Exacerbating the trend of preorders is the prevalence of tiered packages. One now has the option of purchasing a 'Collector' or 'Special' edition of a game for prices ranging from ten to hundreds of dollars more then the basic game. Naturally, these fancy editions come with some less then quality additions like a fold-out map of the game world, or a metallic box, or t-shirt (maybe the most practical if it actually game in fatty sizes) which even the publishers admit cost significantly less to manufacture and ship then the mark-up indicates (coincidentally, do you really think it costs Apple hundreds more to put 16 instead of 8gbs in your iPad?). It should be clear that on economics alone preordering is not a good idea for the consumer.

Beyond bad economics, the problem with continuing to support the preorder system is that it is giving the publishers a free pass to make whatever they want. If EA knows that half a million people are going to buy what they are selling sight unseen (ie before the consumer can make a fully informed decision based on reviews and word of mouth), then it creates little incentive for EA to ensure a high quality product (which is overtly the case with all the bonus junk thrown in for special editions). I understand that many gamers will feel like they are missing out if they don't get the small incentive being offered for preording, but if everyone just said 'no' to preording (as their really isn't a need for it anymore) then I think that those tiny incentives would disappear. In the case of special editions, I can only suggest that if their is a genuine market for this stuff (it is one I definitely don't understand) then the market should demand higher quality goods then what they are receiving.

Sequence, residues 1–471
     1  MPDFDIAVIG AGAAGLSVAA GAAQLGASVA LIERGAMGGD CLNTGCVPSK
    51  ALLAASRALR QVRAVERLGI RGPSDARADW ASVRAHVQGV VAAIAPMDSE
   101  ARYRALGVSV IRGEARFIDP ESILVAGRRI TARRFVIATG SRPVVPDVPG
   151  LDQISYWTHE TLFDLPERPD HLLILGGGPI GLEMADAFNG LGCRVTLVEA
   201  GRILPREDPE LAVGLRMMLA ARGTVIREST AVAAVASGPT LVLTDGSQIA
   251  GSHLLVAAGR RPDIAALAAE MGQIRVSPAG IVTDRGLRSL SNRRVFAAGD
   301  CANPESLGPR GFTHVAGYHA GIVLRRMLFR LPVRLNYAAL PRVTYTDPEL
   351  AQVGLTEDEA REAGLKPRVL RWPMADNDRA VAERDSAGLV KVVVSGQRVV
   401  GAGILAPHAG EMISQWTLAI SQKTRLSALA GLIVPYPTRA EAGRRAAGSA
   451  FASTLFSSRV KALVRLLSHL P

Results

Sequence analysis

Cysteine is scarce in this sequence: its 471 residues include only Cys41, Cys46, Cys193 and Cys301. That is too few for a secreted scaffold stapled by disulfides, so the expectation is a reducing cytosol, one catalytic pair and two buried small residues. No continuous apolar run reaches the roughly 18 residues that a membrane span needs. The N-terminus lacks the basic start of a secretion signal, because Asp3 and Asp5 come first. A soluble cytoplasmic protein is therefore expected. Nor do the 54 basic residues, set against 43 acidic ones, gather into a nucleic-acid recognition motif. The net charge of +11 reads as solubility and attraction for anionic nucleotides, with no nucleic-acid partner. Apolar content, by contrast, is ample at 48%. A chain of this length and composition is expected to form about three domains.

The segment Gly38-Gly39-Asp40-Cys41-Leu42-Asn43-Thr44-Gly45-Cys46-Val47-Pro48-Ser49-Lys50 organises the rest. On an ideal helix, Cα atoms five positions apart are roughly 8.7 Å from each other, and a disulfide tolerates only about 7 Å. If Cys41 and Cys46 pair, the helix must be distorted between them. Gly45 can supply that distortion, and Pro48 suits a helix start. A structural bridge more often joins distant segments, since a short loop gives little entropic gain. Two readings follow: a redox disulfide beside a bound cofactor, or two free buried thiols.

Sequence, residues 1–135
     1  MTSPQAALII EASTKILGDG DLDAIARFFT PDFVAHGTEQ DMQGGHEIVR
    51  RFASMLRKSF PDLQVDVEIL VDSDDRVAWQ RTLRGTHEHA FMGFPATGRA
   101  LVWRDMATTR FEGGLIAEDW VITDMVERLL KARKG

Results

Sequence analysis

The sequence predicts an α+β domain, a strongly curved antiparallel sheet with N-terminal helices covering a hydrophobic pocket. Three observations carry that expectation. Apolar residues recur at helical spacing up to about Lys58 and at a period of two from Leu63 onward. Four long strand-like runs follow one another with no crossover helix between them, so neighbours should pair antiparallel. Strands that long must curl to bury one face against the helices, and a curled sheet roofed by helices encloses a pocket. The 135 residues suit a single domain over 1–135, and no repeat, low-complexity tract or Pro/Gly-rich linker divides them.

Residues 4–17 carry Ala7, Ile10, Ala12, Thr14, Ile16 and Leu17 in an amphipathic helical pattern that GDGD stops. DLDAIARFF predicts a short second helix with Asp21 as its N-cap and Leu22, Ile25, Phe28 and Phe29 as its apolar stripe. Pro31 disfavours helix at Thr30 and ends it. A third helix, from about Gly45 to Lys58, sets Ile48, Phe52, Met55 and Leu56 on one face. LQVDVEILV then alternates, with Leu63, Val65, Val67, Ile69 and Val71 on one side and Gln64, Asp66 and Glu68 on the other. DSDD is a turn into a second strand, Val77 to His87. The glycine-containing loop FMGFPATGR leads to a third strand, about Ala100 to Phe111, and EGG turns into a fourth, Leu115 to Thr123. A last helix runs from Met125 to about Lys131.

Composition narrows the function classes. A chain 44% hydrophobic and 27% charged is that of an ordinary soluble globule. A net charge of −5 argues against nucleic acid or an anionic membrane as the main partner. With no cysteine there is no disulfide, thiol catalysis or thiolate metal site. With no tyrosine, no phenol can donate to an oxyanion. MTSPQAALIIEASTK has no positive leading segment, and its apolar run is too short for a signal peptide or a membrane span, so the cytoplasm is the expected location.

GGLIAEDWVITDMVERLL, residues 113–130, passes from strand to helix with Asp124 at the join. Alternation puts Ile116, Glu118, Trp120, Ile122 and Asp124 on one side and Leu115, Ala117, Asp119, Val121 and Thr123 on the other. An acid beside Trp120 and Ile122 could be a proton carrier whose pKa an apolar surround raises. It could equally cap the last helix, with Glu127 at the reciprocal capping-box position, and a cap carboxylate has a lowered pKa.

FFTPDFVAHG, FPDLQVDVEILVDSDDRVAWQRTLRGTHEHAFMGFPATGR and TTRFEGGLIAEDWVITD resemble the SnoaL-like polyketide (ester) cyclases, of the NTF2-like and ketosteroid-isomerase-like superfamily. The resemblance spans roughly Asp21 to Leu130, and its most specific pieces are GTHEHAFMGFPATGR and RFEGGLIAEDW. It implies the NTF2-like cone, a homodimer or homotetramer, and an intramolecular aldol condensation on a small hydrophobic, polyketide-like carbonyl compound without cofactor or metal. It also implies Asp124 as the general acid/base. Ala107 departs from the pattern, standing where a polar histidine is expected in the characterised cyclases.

Forced Choice of Retailer
For gamers located in Europe, one of the most prevalent retailers (GAME) did not carry stock of Mass Effect 3 due to a failure to reach a crediting agreement for stock. While this is certainly due in part to GAME's shaky financial standing, I find it suspect that only EA has failed to reach terms while other publishers are finding a way to get their titles on shelves (although reports indicate that GAME did not have an easy time of getting those other publishers on board). However it went down, consumers had one less retailer to choose from. I will take it as a given that it is better for the consumer to have more choices in where to buy a product.